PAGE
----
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Area & perimeter word problem: table

Sal solves for the dimension of a table. Created by Sal Khan.

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  • primosaur tree style avatar for user obeaver
    What if the length and width are decimals?
    (3 votes)
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  • starky sapling style avatar for user Jaelynn Hopkins
    I dont get any of this and ive been working on it for weeks
    (8 votes)
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  • blobby green style avatar for user Maryam Yusuf
    how did u get 20 for the width and 24 for the length
    (4 votes)
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    • male robot hal style avatar for user Jesse
      There is nowhere in the video that those assignments are made. In the problem statement, the perimeter is 20 feet, and the area is 24 square feet. Also, at roughly , Sal has the equations you will need to find length and width.
      (2 votes)
  • blobby green style avatar for user Phish255
    A rectangular field is enclosed by 320 feet of fencing. If the length of the field is 6 feet more than its width, what is its length, in feet?
    (4 votes)
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    • duskpin ultimate style avatar for user Polina Vitić
      First, pick variables for each side and the perimeter:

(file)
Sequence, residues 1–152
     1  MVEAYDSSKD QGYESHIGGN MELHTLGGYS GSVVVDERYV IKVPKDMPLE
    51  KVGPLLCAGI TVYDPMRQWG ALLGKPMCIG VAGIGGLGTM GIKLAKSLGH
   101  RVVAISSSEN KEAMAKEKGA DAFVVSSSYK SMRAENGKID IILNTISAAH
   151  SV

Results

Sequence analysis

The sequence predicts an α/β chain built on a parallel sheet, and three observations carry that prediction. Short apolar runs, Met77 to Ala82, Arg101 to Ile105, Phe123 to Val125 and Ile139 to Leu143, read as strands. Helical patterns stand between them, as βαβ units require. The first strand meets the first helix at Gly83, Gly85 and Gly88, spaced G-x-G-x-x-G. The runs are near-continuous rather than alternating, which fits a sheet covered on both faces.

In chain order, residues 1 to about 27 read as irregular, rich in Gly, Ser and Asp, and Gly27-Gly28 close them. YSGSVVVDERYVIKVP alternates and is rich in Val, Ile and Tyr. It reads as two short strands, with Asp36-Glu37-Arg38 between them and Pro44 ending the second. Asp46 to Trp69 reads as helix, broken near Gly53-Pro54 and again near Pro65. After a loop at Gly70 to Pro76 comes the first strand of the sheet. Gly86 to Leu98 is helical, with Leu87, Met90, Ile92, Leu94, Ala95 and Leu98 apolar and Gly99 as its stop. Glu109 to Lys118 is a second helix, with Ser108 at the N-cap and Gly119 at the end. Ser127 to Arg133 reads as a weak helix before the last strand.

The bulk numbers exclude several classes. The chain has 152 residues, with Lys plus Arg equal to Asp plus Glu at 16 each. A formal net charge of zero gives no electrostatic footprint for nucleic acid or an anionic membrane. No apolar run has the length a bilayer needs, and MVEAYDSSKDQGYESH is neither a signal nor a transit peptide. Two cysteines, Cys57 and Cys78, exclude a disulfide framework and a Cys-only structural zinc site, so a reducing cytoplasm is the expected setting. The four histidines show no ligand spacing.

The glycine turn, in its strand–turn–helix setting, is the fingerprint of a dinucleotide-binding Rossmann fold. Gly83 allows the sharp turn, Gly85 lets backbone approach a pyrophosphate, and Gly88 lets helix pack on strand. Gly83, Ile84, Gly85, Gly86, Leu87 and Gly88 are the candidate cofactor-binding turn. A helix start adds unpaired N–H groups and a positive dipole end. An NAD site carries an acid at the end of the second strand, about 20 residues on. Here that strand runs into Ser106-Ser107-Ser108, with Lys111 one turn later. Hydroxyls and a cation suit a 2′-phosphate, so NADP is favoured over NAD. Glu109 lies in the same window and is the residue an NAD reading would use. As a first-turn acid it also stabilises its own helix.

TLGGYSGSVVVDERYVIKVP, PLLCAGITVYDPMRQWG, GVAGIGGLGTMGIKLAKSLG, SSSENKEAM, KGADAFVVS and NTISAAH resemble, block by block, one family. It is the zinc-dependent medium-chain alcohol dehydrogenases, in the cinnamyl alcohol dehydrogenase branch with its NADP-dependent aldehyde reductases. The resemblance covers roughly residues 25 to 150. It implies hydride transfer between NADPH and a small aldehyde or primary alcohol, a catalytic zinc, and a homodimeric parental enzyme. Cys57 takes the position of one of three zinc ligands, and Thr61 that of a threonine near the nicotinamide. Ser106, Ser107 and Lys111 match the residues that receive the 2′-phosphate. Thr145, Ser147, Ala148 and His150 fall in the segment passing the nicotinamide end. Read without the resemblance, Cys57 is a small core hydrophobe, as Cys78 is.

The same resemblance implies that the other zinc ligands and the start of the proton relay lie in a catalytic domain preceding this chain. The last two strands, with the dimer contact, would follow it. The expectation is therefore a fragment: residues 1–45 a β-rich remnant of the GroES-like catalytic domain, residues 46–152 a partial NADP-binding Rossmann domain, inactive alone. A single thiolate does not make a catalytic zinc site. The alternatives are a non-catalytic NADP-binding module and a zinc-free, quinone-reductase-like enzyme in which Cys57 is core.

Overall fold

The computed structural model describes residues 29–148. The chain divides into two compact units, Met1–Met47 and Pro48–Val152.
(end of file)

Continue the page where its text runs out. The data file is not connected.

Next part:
l = length
      w = width
      p = perimeter

      We know that the outside of the rectangle (or perimeter) is w + l + w + l, and we also know that it is 320 feet:
      p = w + l + w + l
      p = 2w + 2l
      320 = 2w + 2l

      We also know that the length is 6 more than the width:
      l = 6 + w

      So now we can plus this value for l into the equation we got above to solve for w:

      320 = 2w + 2l
      320 = 2w + 2(6 + w)
      320 = 2w + 12 + 2w
      320 = 4w + 12
      etc.

      Once you have solved for w, you can plug that value back into this equation to find l:
      l = 6 + w

      Finally, double check that the values you found for l and w are valid by plugging them into this equation:
      320 = 2w + 2l
      (Double w plus double l should equal 320.)

      Hope this helps!
      (11 votes)
  • aqualine seedling style avatar for user Graham
    why does this cost me energy points
    (3 votes)
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  • blobby green style avatar for user rkshpathak01
    if i took a wire of 44m and bent it into a shape of a circle.how i find its radius and area of circle.if i bent same wire in the shape of square what is the measure of each side
    (3 votes)
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    • stelly blue style avatar for user Kim Seidel